Before his death, Robin Williams was putting on a happy face to everyone — even those to whom he was closest. The late actor's longtime friend and fellow comic, David Letterman, opened up about Williams' death on The Late Show on Monday, Aug. 18 and said he "had no idea" that Williams "was in pain."
"I guess like a lot of us, most of us, I've been thinking about Robin Williams," Letterman said of the star, who died on Aug. 11 at the age of 63. "I knew Robin for 38 years. 38 years. Which in and of itself is crazy how time…" Letterman trailed off as he started choking up.
"I met him at the Comedy Store [in Los Angeles]," the Late Show host, 67, continued of the Oscar winner. "He and I were kids… we wanted to make people laugh… In those days we were working for free drinks… It wasn't until I started the NBC version of this show… it wasn't until then that I sort of got to really know Robin Williams. He would come on to promote movies, or concerts, or whatever he was talking about, and he was always so gracious and we would talk about the old times. It was just a pleasure to know the guy. He was a gentleman and delightful."
In the days following Williams' suicide, it has since been revealed that the beloved star was in the early stages of Parkinson's and struggling with an ongoing battle with anxiety and depression. Fans and friends alike continue to comment on Williams' warm spirit even in the face of adversity.
A pal to many big-name stars, Williams got to know Letterman in his early comedic and television days.
"In the old days, he was kind enough to ask me to appear on his Mork & Mindy show," Letterman said of Williams. "Now, this is a double-edged sword. He did it only because he was trying to help other fledgling, starting-out comics. The other side of the sword is, I had no business being on that show. I can't… I have no business being on this show! But he gave me a job! And in those days, jobs were hard to come by, and there I was and I was on Mork & Mindy."
"I can remember between the dress rehearsal and the actual taping of the show, the director of the program Howard Storm comes up to me and he says, 'Well, you've been trying all week. This is your last chance.' So even to the detriment of the show, Robin was kind enough to invite me to come on because he thought, 'Why can't I spread this around and have some of my friends share in my success?' Which is exactly what he did."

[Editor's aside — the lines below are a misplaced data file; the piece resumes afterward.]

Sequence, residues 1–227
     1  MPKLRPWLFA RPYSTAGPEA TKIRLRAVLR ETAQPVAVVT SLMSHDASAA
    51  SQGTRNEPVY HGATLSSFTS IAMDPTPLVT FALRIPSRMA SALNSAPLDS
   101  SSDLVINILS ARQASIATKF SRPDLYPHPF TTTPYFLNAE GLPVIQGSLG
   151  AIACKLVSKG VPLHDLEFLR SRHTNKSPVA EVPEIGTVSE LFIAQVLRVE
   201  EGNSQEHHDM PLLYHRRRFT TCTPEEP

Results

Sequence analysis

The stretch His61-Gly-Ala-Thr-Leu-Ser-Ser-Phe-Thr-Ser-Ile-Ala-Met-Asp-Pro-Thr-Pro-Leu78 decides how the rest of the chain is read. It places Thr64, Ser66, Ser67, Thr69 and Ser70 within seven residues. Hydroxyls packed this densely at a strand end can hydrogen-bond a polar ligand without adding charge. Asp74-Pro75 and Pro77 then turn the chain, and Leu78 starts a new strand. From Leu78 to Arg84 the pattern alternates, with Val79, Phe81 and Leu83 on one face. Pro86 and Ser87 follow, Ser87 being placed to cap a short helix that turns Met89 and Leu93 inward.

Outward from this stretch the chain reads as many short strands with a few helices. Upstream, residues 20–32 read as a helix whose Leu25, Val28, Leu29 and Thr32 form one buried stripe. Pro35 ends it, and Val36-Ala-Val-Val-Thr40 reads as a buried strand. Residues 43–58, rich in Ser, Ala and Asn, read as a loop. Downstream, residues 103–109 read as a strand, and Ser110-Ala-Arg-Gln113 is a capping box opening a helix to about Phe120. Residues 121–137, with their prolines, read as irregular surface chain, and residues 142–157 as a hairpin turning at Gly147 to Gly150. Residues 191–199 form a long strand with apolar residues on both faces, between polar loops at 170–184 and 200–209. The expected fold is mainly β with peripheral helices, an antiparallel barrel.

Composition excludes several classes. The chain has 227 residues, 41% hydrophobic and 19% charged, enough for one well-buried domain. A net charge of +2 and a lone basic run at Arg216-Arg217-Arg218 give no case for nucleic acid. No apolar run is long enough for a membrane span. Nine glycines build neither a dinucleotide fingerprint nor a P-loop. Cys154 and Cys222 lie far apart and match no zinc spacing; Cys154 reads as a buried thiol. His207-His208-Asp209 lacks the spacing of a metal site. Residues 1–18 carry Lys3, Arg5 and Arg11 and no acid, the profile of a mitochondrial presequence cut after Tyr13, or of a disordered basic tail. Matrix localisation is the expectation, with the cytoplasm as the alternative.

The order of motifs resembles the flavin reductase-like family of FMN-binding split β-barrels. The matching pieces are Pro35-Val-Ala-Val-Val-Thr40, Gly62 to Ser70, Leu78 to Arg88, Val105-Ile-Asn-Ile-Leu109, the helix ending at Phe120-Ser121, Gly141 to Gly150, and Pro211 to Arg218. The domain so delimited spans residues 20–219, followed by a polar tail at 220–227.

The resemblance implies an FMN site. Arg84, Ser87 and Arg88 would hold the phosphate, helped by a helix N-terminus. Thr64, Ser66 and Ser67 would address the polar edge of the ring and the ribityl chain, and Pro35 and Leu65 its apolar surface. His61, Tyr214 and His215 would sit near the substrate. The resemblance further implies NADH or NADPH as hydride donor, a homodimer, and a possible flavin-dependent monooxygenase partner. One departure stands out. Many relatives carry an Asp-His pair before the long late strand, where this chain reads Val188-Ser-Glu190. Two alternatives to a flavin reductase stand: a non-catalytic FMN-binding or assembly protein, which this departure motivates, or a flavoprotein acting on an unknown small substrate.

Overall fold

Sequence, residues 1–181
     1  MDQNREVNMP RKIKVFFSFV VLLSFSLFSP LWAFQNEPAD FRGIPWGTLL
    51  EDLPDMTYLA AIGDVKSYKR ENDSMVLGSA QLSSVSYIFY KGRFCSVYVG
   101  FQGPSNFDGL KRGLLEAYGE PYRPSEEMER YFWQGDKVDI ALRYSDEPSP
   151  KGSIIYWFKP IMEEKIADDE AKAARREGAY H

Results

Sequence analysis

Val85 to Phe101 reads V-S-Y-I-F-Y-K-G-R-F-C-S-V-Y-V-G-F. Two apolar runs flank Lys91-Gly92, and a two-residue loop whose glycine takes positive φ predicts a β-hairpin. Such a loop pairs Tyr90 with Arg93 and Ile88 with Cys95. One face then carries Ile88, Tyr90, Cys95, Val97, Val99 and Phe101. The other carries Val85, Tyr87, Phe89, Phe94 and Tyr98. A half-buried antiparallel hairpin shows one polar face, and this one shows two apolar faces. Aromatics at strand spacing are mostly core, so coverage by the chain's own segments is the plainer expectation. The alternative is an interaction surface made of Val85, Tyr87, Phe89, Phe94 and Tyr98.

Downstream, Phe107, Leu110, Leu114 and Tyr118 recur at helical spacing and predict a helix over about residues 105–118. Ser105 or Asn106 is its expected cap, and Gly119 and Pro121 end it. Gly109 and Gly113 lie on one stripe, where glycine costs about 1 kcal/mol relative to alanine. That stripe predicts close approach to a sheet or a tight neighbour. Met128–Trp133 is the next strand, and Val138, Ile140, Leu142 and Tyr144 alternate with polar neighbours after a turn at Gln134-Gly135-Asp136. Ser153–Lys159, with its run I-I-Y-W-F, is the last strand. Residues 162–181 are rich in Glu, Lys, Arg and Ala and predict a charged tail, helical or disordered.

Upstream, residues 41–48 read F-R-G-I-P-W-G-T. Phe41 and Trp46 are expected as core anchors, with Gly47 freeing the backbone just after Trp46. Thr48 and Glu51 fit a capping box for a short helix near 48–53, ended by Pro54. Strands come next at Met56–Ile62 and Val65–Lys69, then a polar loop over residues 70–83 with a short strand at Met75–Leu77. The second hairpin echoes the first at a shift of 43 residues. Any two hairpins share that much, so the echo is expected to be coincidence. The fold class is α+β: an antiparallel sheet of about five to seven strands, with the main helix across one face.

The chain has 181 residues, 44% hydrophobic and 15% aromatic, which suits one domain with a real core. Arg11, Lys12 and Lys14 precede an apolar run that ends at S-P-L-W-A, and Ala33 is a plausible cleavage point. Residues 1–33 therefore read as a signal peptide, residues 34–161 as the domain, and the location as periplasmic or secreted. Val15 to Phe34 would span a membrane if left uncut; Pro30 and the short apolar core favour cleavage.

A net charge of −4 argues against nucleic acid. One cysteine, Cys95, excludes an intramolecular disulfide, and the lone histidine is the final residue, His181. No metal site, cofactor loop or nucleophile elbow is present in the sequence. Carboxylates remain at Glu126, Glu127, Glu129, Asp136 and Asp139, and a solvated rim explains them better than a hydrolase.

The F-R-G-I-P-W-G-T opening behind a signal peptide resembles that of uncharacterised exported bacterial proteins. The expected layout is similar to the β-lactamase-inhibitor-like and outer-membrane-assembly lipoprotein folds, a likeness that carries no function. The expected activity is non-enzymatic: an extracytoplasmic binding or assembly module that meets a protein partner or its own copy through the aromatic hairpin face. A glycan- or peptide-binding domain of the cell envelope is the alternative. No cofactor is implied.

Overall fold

Letterman later returned the favor, hosting Williams on Late Night and the Late Show.
"He was on our show, this show and the old show, a total of nearly 50 times," the talk show host explained. "Two things would happen because Robin was on the program. One, I didn't have to do anything. All I had to do was sit here and watch the machine. Two, people would watch! If they knew Robin was on the show, the viewership would go up because they wanted to see Robin. Believe me, that wasn't just true of television, I believe that was true of the kind of guy he was. People were drawn to him because of this electricity. This, whatever it was, that he radiated, that propelled him and powered him."
Letterman went on to share a vintage photo of himself with Williams, comedian and actor Richard Pryor, and Comedy Store founder Mitzi Shore — an image he said he will cherish even more now that Williams has passed. He then shared more footage of himself and Williams from the many years of their friendship.
"We put together a segment of Robin Williams' appearances, and moreover, more than anything, it will make you laugh, and really, that's what we should take from this," Letterman said. "He could make you laugh under any circumstances."
The touching montage showed clips from Letterman and Williams' interviews, jokes, and skits over the years, highlighting moments of the men laughing together, shaking hands, and clearly delighting in each other's presence."
"Oh my," an emotional Letterman said when the video came to a close. "Well, what I will add here is, beyond being a very talented man, and a good friend, and a gentleman, I'm sorry, like everybody else, I had no idea that the man was in pain, that the man was suffering. What a guy, Robin Williams."
Watch Letterman's tribute to Williams in the video above.